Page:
Allen’s Rivulet Track

There’s no better way to start a new year than a walk in nature.  It’s calming and soothing.  I started the new year with a walk in Allen’s Rivulet, Tasmania, Australia.

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On the way to the track, I came across this comical character.

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The track takes you through Tasmanian bush, passed a large hollow living tree, to a rivulet and back onto the street.

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One of the views from inside the tree
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The middle large tree trunk in the photo has the hollow base
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Allen’s Rivulet Track’s hollow tree

It reminded me of the most famous and photographed tree in Vancouver, Canada, the Hollow Tree in Stanley Park, which I have played in many times as a child.

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Stanley Park’s Hollow Tree

It is arguably the most famous tourist attraction in Vancouver for over 100 years.  There are many historical photos of this tree.

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A 1917 photo of the Duke of Devenshire and dignitaries

 

Unlike Allen’s Rivulet’s hollow tree, which is a living tree, the Stanley Park one is a 600 to 800 year old Western Red Cedar tree that died, but left a huge hollow stump.  In 2006, there was a severe windstorm that caused significant damage to many trees, including the famous Hollow Tree, causing it to lean precariously.  The Vancouver Parks Board considered taking it down but there was a massive public outcry resulting in some ingenuity to save the tree.

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The brace installed to help keep the stump stable and upright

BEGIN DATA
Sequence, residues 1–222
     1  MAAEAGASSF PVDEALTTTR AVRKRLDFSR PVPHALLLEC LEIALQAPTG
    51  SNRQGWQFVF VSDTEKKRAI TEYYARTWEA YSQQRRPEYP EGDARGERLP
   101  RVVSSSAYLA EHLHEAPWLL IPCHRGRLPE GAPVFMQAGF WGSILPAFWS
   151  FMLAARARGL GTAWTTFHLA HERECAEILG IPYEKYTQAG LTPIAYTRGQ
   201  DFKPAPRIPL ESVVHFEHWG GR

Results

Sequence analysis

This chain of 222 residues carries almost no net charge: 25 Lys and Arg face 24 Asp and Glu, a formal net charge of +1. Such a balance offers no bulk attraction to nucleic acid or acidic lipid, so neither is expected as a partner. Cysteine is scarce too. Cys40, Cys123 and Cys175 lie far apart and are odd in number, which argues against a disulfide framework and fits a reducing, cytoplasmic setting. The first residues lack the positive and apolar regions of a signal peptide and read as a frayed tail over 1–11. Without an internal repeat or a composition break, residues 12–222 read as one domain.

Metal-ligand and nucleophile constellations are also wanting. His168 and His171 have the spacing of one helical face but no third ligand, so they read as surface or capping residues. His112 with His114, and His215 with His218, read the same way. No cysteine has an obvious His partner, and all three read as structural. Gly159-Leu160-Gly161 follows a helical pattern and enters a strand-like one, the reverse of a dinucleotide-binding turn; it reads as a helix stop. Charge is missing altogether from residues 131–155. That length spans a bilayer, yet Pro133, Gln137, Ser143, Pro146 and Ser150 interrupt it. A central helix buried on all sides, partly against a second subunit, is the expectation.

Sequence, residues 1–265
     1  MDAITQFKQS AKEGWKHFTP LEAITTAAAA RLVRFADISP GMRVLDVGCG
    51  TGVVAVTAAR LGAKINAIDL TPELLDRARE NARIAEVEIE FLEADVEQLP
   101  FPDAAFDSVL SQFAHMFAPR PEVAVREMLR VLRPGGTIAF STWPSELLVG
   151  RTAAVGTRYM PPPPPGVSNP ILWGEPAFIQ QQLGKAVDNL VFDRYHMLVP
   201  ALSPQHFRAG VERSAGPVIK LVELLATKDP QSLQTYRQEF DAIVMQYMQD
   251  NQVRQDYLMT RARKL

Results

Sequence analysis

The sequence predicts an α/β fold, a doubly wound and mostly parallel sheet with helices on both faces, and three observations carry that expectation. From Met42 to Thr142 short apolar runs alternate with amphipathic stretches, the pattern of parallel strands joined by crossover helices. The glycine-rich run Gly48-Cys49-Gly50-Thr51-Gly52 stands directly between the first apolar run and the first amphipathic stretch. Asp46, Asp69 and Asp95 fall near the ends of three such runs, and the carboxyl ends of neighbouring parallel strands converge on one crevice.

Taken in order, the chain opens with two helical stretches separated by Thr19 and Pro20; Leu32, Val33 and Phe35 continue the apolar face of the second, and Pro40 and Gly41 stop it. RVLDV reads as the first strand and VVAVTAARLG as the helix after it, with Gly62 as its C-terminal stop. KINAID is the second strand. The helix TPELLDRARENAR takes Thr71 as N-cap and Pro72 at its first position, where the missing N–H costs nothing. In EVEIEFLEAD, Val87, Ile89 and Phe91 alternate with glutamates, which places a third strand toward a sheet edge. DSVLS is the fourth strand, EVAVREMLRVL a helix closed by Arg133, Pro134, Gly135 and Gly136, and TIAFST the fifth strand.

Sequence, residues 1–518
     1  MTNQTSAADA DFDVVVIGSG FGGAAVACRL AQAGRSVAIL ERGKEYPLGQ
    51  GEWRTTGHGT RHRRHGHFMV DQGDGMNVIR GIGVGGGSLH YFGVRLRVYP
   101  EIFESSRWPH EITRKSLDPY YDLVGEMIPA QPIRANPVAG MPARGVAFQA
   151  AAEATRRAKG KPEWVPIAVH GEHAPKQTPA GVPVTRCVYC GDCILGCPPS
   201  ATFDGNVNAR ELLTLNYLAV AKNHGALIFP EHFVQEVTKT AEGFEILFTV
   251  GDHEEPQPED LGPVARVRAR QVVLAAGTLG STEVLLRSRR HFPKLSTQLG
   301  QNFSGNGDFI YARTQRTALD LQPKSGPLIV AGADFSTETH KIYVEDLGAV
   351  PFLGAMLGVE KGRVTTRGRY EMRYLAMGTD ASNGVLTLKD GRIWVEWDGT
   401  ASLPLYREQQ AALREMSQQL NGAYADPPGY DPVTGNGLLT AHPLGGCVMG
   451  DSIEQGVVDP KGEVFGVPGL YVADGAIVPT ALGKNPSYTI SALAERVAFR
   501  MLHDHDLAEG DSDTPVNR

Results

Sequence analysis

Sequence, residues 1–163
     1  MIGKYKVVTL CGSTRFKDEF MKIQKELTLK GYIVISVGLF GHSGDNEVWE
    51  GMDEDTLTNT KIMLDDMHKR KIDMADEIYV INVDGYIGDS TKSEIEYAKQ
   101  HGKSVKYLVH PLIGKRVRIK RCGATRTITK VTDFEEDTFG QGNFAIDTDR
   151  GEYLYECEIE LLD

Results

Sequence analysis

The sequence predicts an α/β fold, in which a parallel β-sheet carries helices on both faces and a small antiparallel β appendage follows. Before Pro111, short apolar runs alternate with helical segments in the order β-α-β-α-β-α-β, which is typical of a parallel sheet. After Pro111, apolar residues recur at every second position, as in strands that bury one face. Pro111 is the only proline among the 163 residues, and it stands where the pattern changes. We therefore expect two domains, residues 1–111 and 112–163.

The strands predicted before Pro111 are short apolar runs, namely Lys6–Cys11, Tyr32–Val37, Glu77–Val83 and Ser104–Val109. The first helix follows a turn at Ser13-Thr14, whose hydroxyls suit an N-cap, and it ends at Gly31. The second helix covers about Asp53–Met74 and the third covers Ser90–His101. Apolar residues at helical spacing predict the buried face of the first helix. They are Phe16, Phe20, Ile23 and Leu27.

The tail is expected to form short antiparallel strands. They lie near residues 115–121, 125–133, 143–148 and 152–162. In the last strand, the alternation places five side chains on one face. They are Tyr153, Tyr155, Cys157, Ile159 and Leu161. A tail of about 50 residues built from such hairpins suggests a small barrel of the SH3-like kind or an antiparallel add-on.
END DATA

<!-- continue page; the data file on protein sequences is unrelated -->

I spotted this most unique little nest too!

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A Grey fantail in its nest

The nest is really small, the size of a tiny cup and it had the mum bird, a Grey fantail, sitting in it.  Most of her body is outside the nest because the nest is so small.  A bird book describes the nest as looking “like a wine glass without a base – a tiny cup of plant fibres liberally bound with cobweb.”

Thanks for stopping by. I wish one and all an awesome upcoming new year!

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Snug Falls

Snug Falls is a beautiful high waterfall on Snug River in Tasmania’s south.  It’s a 2.1km walk to the falls, about a half hour walk one way.  We haven’t had too much rain lately so the waterfall was subdued but still beautiful, peaceful and a nice escape from the heat of the day.

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Snug Falls
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Rachel cooling her feet while admiring the waterfall and serenity

While my friend, Rachel, cooled her feet in the water and was gazing upwards at the waterfall, I did a 2 minute line drawing of her.

On our way back to the car we stopped to pick and eat some Native Cherries, which are ripe at this time of year.  They’re a little woody in texture but really tasty.  Its botanical name is Exocarpos cupressiformis.  It has no relation to the European cherry and its fruit is actually swollen red stalk.  It is a parasite on the roots of other trees and therefore very difficult to transplant.

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Native Cherry or sometimes called Cherry Ballart or Cypress Cherry. Its botanical name is Exocarpos cupressifromis.

Thanks for stopping by. 🙂